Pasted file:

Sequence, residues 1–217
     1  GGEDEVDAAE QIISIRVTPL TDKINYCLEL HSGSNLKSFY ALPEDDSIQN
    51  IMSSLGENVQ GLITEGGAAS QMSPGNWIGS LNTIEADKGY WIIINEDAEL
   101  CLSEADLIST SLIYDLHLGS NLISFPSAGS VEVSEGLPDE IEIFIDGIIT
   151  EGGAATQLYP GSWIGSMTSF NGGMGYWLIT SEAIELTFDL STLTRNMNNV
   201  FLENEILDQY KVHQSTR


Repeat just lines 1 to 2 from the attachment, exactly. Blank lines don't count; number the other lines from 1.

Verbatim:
Sequence, residues 1–217
     1  GGEDEVDAAE QIISIRVTPL TDKINYCLEL HSGSNLKSFY ALPEDDSIQN